A bleak reality was still setting in as we passed the one-year mark of the degradation of our social cocoons. MF Tomlinson’s first full-length project, Strange Time, landed amidst this bleak anniversary, one full trip around the sun after the world suddenly shut down. 

Since then, waves of lockdowns have steamrolled us into digital realms where live streams and video conferences rule over ebullient masses. In just a matter of months, our way of navigating the world has drastically changed. But one thing has remained constant throughout all of it: our need to connect with others, no matter how physically isolated from one another we have been. 

In true art-imitates-life fashion, Michael Tomlinson reached out to collaborators (“talented motherfuckers”–his words) all around the world to piece together a candid snapshot of the moment. They immortalized the places their (our) minds went during the daily walks, the innumerable night ins, and the occasional meltdowns. The buoyancy of MF Tomlinson’s first solo project, March 2020’s Last Days of Rome EP, has turned more meditative in Strange Time and new forms of storytelling emerged as Tomlinson turned his brain inside out to feed the creative beast. 

The album opens with a sonic photomontage of the extraordinary, sadly phantasmagorical, events of the past year. Tomlinson quips, “the sky is red with flame, and now there is a plague” on a spellbinding backdrop of electric piano and light percussion. Real-life and fantasy become one as smooth sax and echoing ‘Strange Time’ coos lull us into a reverie, punctuated by the unshakable feeling we’ve been there before. Wherever ‘there’ may be, there’s a strong chance the feeling captured by “somehow the days dripped into weeks, slipped into seasons” resonates all too well for anyone listening.

With Strange Time, MF Tomlinson strives for timelessness in the timely. In contrast with a year of physical and social restraint, its ambitious compositions are inhabited with a deep sense of freedom. The psychedelic ‘Spring’ imagines nature retaking its rightful place in urbanized spaces, rejoicing that “the world belonged to itself again” as humans retreated to their respective dwellings for fear of harming their own species. Wind instruments brew up a mistral as the lions of Trafalgar Square come to life, and New York alligators venture out of the sewers. 

Much of the sonics here build on 60s/70s folk and bubble over into tastefully high-flown chamber pop. ‘Them Apples’ is a tale of universes flowing into one another, as it ruminates on the temptation of doomscrolling and screen addiction with the help of guest vocalist Connie Chatwin. Packaged in late 60s folk-rock with ork-pop accents, the track addresses contemporary dilemmas with nuance, confronting connection and saturation and wondering how the first can exist without the former in the (dis)information age.

In fact, the track ties in a central theme of Strange Time: using music to mirror the conversations around us. Instruments are given singular voices and take turns taking the floor, at times mindful of each other, at times speaking out of turn and over each other, never paralyzed in gridlock. Instruments are engaged in conversation throughout ‘Spring’, each cozying up in any space it finds available without overstepping into otherwise occupied land. The autoharp and clarinet put down roots early on to spend the rest of the track flowing wherever the sun goes. The musical dialogue of ‘A Long Day’ sounds more methodically assembled but no less appealing. The recurring motifs feel strangely communal: there, adrift in the murky water, we hear glimpses of a sea shanty at arms’ reach.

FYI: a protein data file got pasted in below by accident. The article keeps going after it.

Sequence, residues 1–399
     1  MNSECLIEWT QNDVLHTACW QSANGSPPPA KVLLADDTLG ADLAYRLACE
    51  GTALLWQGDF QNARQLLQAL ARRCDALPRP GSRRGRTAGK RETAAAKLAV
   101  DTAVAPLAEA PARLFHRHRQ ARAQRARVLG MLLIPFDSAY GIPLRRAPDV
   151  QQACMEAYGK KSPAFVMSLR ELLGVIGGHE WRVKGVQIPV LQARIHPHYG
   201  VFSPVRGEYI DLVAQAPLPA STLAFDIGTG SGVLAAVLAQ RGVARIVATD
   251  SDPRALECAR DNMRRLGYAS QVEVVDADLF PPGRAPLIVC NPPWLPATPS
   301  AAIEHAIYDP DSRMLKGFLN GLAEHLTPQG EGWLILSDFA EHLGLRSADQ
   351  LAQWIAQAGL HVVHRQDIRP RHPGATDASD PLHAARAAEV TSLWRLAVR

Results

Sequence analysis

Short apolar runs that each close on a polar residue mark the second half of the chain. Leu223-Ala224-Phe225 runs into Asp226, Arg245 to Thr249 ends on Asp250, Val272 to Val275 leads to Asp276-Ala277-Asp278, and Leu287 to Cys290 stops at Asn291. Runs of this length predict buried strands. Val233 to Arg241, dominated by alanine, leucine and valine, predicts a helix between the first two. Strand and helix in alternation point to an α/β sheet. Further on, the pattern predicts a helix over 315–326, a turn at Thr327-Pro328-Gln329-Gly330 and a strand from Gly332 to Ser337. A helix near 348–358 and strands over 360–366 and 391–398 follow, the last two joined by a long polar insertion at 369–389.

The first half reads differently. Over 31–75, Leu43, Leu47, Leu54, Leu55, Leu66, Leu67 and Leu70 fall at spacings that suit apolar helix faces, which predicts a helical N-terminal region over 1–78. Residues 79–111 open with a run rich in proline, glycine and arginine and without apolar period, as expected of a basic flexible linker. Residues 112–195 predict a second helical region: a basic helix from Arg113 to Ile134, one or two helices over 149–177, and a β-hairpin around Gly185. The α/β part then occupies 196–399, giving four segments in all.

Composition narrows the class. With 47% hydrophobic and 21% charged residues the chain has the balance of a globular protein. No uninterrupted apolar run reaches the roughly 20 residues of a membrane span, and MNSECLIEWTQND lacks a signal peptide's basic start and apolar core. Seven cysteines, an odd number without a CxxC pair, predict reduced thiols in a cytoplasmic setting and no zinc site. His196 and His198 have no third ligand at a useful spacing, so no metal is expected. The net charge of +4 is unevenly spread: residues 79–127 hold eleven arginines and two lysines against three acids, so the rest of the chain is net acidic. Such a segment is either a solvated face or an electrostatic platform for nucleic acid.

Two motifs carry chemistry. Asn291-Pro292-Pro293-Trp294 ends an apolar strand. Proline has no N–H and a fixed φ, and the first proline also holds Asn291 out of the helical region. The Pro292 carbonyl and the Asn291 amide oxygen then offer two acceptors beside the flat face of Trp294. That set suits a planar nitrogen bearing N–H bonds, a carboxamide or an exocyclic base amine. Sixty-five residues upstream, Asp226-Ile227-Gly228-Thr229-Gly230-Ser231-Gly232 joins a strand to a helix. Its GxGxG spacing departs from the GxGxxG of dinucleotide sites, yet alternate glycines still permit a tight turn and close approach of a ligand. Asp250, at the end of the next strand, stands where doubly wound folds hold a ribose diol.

‘Them Apples’ navigates through agitated seas, modulating its tempo as each leg of the song flows into the next on a feathery bed of cymbals. The boat is rocked from shore to shore, from capricious waters to calmer expanses and back. ‘Baby’s Been Gone’ is Ulysses’ return to Ithaca… only to find that Penelope has gone away to look for him. A sullen Tomlinson sits out on his front porch, looking out for signs of the lover coming home. 

But Strange Time doesn’t sulk for long: ‘Thursday, 8pm’ celebrates coming together in appreciation for the NHS as a reminder of the paradoxically collective aspect of our isolating experiences. And off-the-cuff remarks like the memorable “I’m getting fat and old” don’t ring bitter or dispirited when set to the chime of a rootsy George Michael chord progression. 

By the end of the sixth and final track, one thing is clear: Tomlinson is undeniably on the pulse of how last year has felt. When he describes being caught off guard by the weekly clap ritual while out on a run, we’re reminded it’s still entirely possible to be surprised during the most predictable and frankly exhausting routines. Although there’s probably little we’ll wish to carry over once the nightmare slips away into the early morning, Strange Time is a relic of the times that shouldn’t be left behind.

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